As a rule of thumb, if you were filtering with due care and attention at an acceptable speed (15 mph or less), you should not be charged with undertaking but the circumstances that led up to the incident occurring would be taken into consideration by the Police when determining whether you were filtering through traffic or undertaking.
If you are passing stationary vehicles when filtering past traffic on a motorbike and your speed was under 15 miles per hour, it would be deemed that you were manoeuvring at a safe speed. However, if you were going any faster than this and you get knocked off your motorbike while filtering, you could be held responsible for the incident occurring and therefore liable.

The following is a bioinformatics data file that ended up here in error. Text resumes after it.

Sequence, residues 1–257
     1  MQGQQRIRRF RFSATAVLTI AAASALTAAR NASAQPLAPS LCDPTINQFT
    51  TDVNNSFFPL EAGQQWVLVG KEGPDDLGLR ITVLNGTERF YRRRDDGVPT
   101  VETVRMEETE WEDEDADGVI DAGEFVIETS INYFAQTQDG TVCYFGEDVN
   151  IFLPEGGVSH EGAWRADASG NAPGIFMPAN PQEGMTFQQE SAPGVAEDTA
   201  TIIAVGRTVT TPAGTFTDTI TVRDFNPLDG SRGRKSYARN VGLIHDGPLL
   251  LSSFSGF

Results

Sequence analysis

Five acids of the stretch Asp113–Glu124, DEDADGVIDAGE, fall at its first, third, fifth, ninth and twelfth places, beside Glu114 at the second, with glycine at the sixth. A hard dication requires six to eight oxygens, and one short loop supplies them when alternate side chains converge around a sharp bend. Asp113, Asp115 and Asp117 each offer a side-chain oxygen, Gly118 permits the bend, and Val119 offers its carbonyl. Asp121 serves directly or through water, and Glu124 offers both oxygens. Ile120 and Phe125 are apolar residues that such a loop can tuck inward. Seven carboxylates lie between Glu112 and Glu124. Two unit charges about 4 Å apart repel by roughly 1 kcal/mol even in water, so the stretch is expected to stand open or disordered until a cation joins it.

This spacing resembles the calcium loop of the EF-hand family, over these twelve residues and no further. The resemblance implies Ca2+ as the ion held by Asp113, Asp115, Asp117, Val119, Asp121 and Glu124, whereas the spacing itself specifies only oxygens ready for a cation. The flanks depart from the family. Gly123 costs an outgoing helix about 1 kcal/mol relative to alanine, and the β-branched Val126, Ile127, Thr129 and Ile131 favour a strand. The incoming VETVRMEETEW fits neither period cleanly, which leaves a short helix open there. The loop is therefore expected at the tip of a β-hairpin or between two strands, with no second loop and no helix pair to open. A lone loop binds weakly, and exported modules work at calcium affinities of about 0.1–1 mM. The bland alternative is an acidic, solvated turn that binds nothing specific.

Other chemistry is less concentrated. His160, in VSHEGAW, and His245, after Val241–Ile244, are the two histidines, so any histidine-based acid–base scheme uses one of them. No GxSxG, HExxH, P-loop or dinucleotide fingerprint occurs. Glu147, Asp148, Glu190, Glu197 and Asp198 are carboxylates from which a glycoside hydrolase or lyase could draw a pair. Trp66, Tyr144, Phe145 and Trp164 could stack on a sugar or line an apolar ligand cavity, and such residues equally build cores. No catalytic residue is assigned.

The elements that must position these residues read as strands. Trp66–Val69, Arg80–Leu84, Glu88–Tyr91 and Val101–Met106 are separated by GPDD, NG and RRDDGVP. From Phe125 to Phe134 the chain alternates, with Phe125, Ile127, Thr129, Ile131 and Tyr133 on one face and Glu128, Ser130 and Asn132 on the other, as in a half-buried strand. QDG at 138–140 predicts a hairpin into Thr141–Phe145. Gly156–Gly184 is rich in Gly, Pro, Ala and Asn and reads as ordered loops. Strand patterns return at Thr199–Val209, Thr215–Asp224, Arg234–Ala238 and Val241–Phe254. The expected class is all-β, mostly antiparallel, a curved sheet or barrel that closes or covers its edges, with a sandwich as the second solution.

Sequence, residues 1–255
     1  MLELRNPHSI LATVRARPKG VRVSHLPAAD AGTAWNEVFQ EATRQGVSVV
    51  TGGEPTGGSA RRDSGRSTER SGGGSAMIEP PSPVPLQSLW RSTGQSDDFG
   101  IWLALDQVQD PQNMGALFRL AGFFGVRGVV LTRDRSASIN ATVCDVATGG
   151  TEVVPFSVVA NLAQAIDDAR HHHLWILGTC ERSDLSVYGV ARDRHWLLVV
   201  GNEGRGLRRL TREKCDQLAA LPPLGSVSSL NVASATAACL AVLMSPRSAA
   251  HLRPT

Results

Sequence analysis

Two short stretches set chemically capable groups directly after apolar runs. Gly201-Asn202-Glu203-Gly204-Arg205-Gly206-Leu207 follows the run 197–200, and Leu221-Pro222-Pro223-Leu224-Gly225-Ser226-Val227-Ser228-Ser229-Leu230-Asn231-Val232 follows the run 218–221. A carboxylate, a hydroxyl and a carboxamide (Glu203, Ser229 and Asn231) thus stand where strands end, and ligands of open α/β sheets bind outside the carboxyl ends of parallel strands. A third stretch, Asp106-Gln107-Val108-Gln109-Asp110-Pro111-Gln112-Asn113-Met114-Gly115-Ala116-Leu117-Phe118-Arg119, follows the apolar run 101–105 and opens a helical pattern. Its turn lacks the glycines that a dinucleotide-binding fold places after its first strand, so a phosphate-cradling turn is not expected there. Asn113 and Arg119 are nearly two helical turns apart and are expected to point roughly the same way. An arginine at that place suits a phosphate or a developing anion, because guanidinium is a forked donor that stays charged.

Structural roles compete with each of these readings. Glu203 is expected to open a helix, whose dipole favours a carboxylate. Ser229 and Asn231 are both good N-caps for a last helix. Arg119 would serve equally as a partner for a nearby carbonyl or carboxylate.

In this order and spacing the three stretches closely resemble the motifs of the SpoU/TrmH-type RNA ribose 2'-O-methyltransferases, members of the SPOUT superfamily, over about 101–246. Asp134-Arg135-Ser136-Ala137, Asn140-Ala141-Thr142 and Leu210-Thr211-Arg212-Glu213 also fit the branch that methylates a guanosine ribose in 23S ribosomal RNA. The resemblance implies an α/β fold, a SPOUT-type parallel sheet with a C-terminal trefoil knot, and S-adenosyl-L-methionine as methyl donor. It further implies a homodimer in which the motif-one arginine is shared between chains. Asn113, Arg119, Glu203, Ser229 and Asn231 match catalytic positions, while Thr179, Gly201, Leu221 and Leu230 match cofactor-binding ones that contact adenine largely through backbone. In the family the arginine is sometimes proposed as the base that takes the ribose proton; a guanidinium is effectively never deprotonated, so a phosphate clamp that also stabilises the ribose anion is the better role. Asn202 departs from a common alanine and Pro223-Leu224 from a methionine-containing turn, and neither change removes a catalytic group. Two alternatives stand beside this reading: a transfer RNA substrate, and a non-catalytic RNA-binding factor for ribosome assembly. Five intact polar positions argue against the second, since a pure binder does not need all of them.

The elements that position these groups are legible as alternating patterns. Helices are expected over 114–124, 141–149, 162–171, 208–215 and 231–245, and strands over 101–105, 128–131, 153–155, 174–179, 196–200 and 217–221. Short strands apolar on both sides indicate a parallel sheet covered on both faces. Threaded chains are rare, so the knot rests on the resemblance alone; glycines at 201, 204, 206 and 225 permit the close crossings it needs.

With this said, if the traffic is going at a snail’s pace, the law is much greyer and it may be deemed that you were not filtering but overtaking when the accident happened and as such, you could be held responsible and even charged with an offence by the Police.
Courts throughout the UK recommend that you should only filter when it is safe to do so and when you can see that the path you intend taking is clear. Another factor is that you should be able to come to a stop within ‘your own line of sight’.
With this said, filtering passed open entrances or passed junctions is deemed a ‘dangerous manoeuvre’. The court also recommends that on approaching any gap in traffic which is large enough for another vehicle to pass through, motorcyclists should slow down or stop so they can determine that no other road user is emerging before continuing the manoeuvre.